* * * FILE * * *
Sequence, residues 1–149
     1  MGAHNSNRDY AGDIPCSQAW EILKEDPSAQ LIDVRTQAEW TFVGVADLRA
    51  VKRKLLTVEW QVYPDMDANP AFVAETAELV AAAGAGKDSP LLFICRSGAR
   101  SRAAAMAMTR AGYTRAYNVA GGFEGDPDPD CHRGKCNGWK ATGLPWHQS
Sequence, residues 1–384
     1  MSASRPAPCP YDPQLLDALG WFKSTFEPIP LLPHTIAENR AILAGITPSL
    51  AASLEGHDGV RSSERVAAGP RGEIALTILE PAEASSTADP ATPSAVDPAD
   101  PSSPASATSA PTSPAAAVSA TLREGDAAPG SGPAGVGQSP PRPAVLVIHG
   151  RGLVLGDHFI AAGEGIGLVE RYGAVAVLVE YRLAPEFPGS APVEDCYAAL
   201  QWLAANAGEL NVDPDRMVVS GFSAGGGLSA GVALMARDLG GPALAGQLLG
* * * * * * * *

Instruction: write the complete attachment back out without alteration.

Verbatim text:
Sequence, residues 1–149
     1  MGAHNSNRDY AGDIPCSQAW EILKEDPSAQ LIDVRTQAEW TFVGVADLRA
    51  VKRKLLTVEW QVYPDMDANP AFVAETAELV AAAGAGKDSP LLFICRSGAR
   101  SRAAAMAMTR AGYTRAYNVA GGFEGDPDPD CHRGKCNGWK ATGLPWHQS
Sequence, residues 1–384
     1  MSASRPAPCP YDPQLLDALG WFKSTFEPIP LLPHTIAENR AILAGITPSL
    51  AASLEGHDGV RSSERVAAGP RGEIALTILE PAEASSTADP ATPSAVDPAD
   101  PSSPASATSA PTSPAAAVSA TLREGDAAPG SGPAGVGQSP PRPAVLVIHG
   151  RGLVLGDHFI AAGEGIGLVE RYGAVAVLVE YRLAPEFPGS APVEDCYAAL
   201  QWLAANAGEL NVDPDRMVVS GFSAGGGLSA GVALMARDLG GPALAGQLLG